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Railhead Is Competitive Edge for Port

November 23, 1986|TIM WATERS | Times Staff Writer

A mammoth rail facility opened last week to handle container cargo coming through the Los Angeles and Long Beach ports, and officials predicted that it will help increase port business and reduce truck traffic on nearby freeways.

Completion of the $62-million facility culminates a six-year effort by port officials. It is expected to enhance the ports' ability to attract cargo destined for inland markets such as the Midwest, East and Gulf states because it will eliminate the need to truck container cargo 25 miles to rail yards near downtown Los Angeles.

"It's always been a problem for us competing with the other West Coast ports because our railheads are 25 miles away," near downtown Los Angeles, said Travis Montgomery, director of trade development for the Port of Long Beach.

The other West Coast ports all have rail facilities at or near cargo terminals, Montgomery said. "We think this facility certainly translates into helping our competitive position."

Save Time, Money

Shippers also applauded the new facility, which will save them time and money.

"There were many of us who wanted this facility 10 years ago and easily saw the need for it and felt the demand would grow," said George Marshall, a senior vice president of marketing for Mitsui OSK, a Tokyo-based shipping line.

The new rail facility, about four miles from the ports on a 150-acre site next to Alameda Street in Los Angeles, is called the Intermodal Cargo Transfer Facility. It is the first major facility that the two ports--both of which have experienced steady growth in recent years in container cargo--have built together.

Competition among West Coast ports for shipping-line business has become fierce, port officials said, as imports from the Far East have grown and new technologies have emerged. For example, containers can now be double-stacked on rail cars, making it cheaper for a shipping company to move cargo from the West Coast overland instead of going as far as possible by sea.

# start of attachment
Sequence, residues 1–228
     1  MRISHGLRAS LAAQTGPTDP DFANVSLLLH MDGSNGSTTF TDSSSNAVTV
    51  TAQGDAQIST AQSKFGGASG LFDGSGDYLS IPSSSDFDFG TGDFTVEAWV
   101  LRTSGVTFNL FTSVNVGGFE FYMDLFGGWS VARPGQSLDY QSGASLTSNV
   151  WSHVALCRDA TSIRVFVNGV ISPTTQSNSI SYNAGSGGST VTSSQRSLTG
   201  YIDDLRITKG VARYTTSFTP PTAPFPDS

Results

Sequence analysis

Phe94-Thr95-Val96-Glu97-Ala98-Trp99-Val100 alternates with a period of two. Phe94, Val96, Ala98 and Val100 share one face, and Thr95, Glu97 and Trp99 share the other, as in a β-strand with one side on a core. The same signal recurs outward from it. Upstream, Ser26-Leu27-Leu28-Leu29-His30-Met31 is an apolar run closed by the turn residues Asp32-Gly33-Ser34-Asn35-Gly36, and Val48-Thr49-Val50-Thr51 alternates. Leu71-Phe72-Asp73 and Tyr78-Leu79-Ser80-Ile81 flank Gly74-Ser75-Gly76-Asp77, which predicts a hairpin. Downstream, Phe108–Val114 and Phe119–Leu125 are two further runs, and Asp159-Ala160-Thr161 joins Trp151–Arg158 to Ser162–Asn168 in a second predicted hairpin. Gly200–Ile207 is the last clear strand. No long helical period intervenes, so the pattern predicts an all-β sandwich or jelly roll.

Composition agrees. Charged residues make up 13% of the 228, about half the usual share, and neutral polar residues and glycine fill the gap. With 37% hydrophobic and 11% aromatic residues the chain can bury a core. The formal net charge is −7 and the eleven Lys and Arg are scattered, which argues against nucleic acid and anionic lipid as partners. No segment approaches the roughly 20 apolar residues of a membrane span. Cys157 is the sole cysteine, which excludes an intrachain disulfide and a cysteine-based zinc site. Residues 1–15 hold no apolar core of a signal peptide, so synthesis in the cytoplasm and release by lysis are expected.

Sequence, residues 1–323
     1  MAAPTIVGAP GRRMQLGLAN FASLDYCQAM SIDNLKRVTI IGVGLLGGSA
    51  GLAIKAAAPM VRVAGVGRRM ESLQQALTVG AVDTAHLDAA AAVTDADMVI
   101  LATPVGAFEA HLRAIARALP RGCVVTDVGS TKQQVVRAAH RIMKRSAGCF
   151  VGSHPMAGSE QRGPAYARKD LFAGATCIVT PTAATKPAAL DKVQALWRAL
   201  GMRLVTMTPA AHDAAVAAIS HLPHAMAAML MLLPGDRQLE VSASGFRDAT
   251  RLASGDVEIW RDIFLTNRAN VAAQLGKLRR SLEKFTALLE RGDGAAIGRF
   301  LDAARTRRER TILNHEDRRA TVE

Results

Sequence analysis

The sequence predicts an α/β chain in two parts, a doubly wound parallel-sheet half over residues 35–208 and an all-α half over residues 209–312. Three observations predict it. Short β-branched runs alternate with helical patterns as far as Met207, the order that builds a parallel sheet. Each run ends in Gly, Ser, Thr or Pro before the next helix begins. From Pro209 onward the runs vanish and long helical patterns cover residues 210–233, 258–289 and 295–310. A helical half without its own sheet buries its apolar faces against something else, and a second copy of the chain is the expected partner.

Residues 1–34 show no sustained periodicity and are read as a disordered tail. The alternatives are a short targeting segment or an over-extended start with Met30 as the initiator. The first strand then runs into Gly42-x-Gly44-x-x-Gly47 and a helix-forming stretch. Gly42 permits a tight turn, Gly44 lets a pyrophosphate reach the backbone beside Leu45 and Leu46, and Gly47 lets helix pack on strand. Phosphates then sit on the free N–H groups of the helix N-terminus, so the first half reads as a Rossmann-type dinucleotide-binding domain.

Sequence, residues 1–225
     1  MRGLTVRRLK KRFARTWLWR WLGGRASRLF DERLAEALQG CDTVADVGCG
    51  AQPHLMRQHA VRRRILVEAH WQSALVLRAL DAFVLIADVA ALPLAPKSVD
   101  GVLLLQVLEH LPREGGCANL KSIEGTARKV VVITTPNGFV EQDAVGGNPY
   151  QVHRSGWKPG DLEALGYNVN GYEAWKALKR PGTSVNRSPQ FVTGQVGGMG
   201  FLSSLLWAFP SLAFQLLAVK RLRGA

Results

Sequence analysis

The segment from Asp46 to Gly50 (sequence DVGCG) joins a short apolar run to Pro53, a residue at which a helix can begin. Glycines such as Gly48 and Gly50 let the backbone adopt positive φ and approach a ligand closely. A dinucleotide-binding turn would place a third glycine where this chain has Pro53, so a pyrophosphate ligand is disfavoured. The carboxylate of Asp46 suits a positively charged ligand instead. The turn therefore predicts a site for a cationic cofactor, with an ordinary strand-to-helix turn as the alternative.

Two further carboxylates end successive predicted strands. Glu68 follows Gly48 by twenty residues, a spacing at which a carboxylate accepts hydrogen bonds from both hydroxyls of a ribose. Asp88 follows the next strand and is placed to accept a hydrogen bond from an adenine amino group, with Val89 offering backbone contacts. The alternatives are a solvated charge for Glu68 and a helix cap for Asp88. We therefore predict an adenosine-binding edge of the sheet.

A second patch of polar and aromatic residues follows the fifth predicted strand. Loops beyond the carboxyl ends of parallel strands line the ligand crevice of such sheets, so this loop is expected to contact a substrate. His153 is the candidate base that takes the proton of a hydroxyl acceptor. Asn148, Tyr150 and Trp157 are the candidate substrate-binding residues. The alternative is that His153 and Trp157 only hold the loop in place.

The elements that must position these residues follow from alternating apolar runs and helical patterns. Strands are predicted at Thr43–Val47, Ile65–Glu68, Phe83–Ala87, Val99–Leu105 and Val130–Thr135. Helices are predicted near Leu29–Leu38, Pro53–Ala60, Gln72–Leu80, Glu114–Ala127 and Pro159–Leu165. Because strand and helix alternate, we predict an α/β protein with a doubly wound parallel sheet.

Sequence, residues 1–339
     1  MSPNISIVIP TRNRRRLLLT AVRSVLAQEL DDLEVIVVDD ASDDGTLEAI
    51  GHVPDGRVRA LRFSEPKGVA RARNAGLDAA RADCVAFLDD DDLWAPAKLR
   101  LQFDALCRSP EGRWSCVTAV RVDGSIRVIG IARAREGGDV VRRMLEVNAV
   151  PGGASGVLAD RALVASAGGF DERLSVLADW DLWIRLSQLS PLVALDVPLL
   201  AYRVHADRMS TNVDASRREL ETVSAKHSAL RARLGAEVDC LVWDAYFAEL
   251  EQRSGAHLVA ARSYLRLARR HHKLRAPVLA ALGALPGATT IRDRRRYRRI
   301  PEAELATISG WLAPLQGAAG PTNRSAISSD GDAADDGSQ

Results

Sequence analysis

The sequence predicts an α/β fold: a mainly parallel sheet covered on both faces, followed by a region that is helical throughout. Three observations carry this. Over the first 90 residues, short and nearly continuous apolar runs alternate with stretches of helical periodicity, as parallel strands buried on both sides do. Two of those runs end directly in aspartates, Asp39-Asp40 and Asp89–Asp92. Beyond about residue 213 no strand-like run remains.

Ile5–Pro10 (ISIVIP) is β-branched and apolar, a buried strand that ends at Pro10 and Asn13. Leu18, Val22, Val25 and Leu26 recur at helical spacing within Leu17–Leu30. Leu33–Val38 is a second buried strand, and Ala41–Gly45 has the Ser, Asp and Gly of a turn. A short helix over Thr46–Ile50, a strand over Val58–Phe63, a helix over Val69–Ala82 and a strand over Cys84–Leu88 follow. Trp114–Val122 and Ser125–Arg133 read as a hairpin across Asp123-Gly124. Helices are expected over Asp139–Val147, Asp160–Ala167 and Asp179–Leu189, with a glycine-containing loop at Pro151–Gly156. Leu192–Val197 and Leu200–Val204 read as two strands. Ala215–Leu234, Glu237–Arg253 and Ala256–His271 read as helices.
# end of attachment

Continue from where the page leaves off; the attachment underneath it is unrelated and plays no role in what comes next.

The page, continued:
"Nobody can afford to sail from port to port; that is just not good enough anymore," Marshall said. "A (shipping company) has to think about and plan its intermodal operations."

A sign of the competition was evident last Wednesday, one day after the Los Angeles rail facility opened, when the Port of San Francisco unveiled its own $3.6-million Intermodal Cargo Transfer Facility. Unlike the Los Angeles facility, containers there can be loaded directly onto train cars from the marine terminals without having to be trucked, according to San Francisco port officials.

That was not feasible at the Los Angeles port, which is much larger than San Francisco's. The Port of Long Beach has one small rail facility on the waterfront but it serves only one shipping company.

The new rail facility was financed primarily through the sale $53.9 million in bonds that will paid back with money collected by a $30-per-container gate charge that shippers must pay. It will be operated by the Southern Pacific Transportation Co. under a 50-year lease with the ports, according to Art Goodwin, the Port of Los Angeles official who oversaw construction of the facility.

When the 1.3-mile-long facility is fully operational in the next month or so, up to nine trains a day will be able to arrive and depart from it. Ron Paul, Southern Pacific's marketing manager for the facility, estimated that 70% of the containers handled at the yard will be loaded onto double-stacked rail cars.

Mile-Long Trains

Port officials said some of the trains will reach a mile in length, and could be composed of containers from a single ship. For example, a shipload of dresses, already on hangers inside containers, could be unloaded onto a truck trailer and hauled to the facility. There, the containers would be stacked on rail cars within hours and moved to Chicago.

To offset the noise, pollution and increase in traffic on nearby Carson streets that will be created by the rail facility, the ports have agreed to pay the city $50,000 a year for 50 years to maintain nearby streets, and $250,000 to pay for a sound wall along Alameda Street.

Additionally, if the rail facility is expanded in coming years, the ports have agreed to assist in paying to widen Sepulveda Boulevard to six lanes, as well as to pick up city expenses for long-term projects to build overpasses.

Although truck traffic is expected to increase on the Terminal Island Freeway and Willow Street leading into the facility, truck congestion on the Long Beach and Harbor freeways is expected to decrease. Port officials predict that 600 to 800 truck hauls a day from the ports to downtown rail yards could be eliminated by the facility.

"It's going to be dramatic," said Judith Girard, president of Long Beach-based trucking firm, Rail Delivery Service.

Less Pay for Truckers

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